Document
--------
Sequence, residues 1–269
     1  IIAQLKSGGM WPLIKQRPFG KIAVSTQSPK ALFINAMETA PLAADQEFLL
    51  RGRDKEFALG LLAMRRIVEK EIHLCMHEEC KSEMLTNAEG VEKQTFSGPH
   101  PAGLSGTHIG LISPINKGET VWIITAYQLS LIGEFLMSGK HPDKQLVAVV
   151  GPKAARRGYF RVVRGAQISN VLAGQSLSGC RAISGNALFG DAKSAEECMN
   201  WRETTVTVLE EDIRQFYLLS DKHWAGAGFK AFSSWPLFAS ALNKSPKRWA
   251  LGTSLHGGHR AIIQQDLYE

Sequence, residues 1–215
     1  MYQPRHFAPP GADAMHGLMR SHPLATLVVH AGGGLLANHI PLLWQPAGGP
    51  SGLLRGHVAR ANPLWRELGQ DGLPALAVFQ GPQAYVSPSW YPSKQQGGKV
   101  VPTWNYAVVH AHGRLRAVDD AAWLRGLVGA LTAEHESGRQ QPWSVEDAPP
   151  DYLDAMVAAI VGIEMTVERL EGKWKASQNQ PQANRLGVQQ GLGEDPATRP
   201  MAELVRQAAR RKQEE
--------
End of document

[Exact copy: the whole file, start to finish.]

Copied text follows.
Sequence, residues 1–269
     1  IIAQLKSGGM WPLIKQRPFG KIAVSTQSPK ALFINAMETA PLAADQEFLL
    51  RGRDKEFALG LLAMRRIVEK EIHLCMHEEC KSEMLTNAEG VEKQTFSGPH
   101  PAGLSGTHIG LISPINKGET VWIITAYQLS LIGEFLMSGK HPDKQLVAVV
   151  GPKAARRGYF RVVRGAQISN VLAGQSLSGC RAISGNALFG DAKSAEECMN
   201  WRETTVTVLE EDIRQFYLLS DKHWAGAGFK AFSSWPLFAS ALNKSPKRWA
   251  LGTSLHGGHR AIIQQDLYE

Sequence, residues 1–215
     1  MYQPRHFAPP GADAMHGLMR SHPLATLVVH AGGGLLANHI PLLWQPAGGP
    51  SGLLRGHVAR ANPLWRELGQ DGLPALAVFQ GPQAYVSPSW YPSKQQGGKV
   101  VPTWNYAVVH AHGRLRAVDD AAWLRGLVGA LTAEHESGRQ QPWSVEDAPP
   151  DYLDAMVAAI VGIEMTVERL EGKWKASQNQ PQANRLGVQQ GLGEDPATRP
   201  MAELVRQAAR RKQEE